State of the Treasury
Each year, we ask corporate treasuries to tell us what’s on their minds as part of our annual State of Treasury Practice survey. We know there’s a lot on your plate at the moment and would like to hear what are your biggest priorities and your concerns for 2021?
Treasurers have long expressed a desire for enhanced cash-forecasting capabilities, but that often-talked-about priority has now become a critical need.
In Treasury Strategies’ recent corporate bank fee management survey, 70% of corporate treasurers said they review their bank service fees on a monthly basis. Yet only 21% use service price benchmarks in their bank fee management program. That’s a huge disconnect.
When interest rates were zero, the opportunity cost to a corporate treasurer of idle cash balances sitting in a bank was zero. With recent Federal Reserve rate hikes, that has all changed. Indeed, a cash manager not carefully managing daily cash positions today is incurring a real cost.
They arrive each month – those balance and service fee statements that itemize everything you’re being charged for in painful detail. The question is, how can you easily make sense of them? Here are some pointers for a good monthly bank fee analysis process.
Companies spend $20 billion per year on bank treasury management services in the U.S. and $200 billion worldwide. Corporate treasurers who optimize their use of these services enjoy accelerated cash flow, improved risk management, higher investment income and quality information, all at a reasonable cost.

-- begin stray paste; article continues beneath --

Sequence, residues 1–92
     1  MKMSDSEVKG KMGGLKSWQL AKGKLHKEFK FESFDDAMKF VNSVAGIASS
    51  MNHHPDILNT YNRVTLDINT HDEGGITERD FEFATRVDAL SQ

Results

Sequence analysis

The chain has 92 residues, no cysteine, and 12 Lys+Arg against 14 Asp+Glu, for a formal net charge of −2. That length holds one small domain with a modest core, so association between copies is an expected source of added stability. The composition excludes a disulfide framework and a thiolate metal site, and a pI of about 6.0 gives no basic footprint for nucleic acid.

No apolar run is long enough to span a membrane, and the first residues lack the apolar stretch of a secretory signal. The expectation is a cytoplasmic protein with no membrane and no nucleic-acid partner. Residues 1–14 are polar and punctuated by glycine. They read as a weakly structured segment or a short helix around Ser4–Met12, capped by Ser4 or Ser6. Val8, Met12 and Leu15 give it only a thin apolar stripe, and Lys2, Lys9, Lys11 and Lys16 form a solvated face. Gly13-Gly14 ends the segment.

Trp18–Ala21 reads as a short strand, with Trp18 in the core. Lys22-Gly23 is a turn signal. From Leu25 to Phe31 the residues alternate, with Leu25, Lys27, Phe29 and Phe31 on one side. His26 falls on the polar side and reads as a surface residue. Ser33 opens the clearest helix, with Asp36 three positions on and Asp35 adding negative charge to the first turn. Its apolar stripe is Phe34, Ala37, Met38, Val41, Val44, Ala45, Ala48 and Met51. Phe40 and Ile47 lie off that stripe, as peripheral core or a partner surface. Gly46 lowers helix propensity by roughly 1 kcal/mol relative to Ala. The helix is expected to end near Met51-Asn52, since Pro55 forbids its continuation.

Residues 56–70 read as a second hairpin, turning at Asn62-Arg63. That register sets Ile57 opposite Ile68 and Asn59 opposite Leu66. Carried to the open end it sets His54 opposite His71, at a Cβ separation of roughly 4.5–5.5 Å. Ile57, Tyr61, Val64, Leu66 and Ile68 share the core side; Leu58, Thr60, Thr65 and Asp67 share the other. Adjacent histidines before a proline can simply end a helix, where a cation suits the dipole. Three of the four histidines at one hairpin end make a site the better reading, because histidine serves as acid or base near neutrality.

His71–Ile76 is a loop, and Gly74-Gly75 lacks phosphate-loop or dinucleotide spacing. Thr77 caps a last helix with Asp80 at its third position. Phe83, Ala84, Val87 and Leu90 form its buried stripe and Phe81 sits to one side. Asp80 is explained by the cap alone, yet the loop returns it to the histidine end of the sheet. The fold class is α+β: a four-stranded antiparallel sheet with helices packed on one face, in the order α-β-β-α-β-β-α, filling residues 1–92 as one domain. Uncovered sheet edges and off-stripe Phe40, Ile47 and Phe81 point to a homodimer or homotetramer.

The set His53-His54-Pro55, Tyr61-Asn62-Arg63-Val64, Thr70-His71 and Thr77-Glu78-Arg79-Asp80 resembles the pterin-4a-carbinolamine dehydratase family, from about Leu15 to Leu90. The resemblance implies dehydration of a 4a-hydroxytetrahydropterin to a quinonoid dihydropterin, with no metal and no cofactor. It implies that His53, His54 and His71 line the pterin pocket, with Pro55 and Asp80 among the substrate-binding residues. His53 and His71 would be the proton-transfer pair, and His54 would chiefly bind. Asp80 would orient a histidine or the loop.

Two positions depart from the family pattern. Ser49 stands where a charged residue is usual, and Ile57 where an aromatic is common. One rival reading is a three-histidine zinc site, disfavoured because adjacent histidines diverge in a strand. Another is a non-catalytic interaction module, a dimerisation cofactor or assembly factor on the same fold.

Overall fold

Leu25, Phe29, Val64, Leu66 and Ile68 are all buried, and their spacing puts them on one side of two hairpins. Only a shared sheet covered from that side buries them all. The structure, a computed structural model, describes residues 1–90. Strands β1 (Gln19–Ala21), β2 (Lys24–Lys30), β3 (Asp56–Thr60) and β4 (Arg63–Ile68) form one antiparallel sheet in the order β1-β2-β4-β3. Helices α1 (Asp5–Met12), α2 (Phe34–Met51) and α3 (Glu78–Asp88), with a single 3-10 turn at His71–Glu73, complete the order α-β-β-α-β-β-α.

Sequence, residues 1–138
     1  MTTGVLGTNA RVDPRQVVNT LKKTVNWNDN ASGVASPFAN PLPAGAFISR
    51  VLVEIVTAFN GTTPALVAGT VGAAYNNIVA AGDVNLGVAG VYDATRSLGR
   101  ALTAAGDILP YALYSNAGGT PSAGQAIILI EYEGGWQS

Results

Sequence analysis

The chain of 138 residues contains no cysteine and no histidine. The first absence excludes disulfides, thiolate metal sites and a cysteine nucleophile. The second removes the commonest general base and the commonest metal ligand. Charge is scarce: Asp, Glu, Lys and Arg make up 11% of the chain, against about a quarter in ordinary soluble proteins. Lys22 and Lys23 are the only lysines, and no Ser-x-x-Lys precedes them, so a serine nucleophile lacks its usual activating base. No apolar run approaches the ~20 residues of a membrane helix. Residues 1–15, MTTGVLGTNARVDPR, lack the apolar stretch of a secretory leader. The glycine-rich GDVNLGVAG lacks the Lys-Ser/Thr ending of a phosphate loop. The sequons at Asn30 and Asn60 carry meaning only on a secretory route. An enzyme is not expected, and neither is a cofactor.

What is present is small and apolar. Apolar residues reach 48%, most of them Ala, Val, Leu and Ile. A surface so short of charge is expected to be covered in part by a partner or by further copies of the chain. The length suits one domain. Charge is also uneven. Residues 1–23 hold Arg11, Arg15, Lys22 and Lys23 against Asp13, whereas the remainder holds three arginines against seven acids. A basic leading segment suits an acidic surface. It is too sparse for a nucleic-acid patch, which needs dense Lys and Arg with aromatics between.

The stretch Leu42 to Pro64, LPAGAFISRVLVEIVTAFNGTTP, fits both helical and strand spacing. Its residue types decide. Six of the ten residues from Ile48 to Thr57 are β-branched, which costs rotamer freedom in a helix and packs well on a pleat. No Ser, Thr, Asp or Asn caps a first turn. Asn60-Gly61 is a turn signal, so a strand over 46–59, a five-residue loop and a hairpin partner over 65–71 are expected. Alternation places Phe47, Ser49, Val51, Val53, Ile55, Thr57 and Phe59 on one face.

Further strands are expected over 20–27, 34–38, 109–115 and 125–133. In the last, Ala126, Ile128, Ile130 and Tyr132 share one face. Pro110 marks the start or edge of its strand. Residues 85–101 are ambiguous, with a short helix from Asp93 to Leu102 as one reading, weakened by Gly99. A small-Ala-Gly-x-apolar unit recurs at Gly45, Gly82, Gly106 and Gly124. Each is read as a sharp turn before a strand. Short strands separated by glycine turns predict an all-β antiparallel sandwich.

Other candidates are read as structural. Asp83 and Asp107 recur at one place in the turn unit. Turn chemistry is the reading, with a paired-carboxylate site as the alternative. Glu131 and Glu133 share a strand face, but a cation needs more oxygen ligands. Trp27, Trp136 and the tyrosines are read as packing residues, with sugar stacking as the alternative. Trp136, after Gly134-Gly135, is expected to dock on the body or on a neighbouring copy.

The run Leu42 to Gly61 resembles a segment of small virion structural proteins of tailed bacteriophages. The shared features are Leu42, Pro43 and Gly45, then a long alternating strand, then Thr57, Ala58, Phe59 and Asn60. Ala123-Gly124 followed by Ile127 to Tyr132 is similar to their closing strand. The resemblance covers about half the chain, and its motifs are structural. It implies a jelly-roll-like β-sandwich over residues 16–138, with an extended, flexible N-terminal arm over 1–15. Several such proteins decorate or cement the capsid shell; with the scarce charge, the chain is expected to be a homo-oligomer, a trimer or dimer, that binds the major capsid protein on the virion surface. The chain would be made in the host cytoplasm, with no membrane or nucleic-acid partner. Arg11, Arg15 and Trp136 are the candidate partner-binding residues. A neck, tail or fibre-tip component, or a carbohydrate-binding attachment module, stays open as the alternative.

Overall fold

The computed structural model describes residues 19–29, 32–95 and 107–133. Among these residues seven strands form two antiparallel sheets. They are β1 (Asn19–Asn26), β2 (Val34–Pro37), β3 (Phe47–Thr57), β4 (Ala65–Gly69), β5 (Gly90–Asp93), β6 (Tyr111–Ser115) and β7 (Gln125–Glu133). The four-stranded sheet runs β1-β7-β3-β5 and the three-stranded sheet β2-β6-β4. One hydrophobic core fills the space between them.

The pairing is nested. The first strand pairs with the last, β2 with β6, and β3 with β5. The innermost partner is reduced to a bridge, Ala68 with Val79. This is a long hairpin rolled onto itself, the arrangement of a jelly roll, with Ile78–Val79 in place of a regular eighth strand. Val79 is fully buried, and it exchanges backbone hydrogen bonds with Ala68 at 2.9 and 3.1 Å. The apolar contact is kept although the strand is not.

Treasury Strategies, a division of Novantas, Inc. released its 3rd quarter ECR benchmarks to NDepth Bank Fee Analysis clients recently. The surprising results showed some unusual patterns overall as well as striking differences between U.S. money center and regional banks.
The results are in and reveal an important area of opportunity neglected by corporations. On average, the 135 respondents to our Bank Fee Analysis (BFA) Flash Survey spend in excess of $250,000 per year on bank services and maintain millions of dollars of deposits.
Second quarter results are in, and NDepth Bank Fee Analysis revealed that Insurance companies are earning well below market rate on their cash balances.
H.R. 2319/S. 1117 – The Importance of Restoring State and Local Government Access to Money Market Funds
New MMF regulations that were implemented in October 2016 are having major negative consequences for issuers and borrowers of debt held by money market funds. Specifically, Tax-Exempt MMFs (TE MMFs) are closing and assets are leaving. This is drying up a very important municipal financing conduit. Additionally, the flight of assets out of Prime MMFs is resulting in higher borrowing costs for municipalities as the pool of available capital decreases.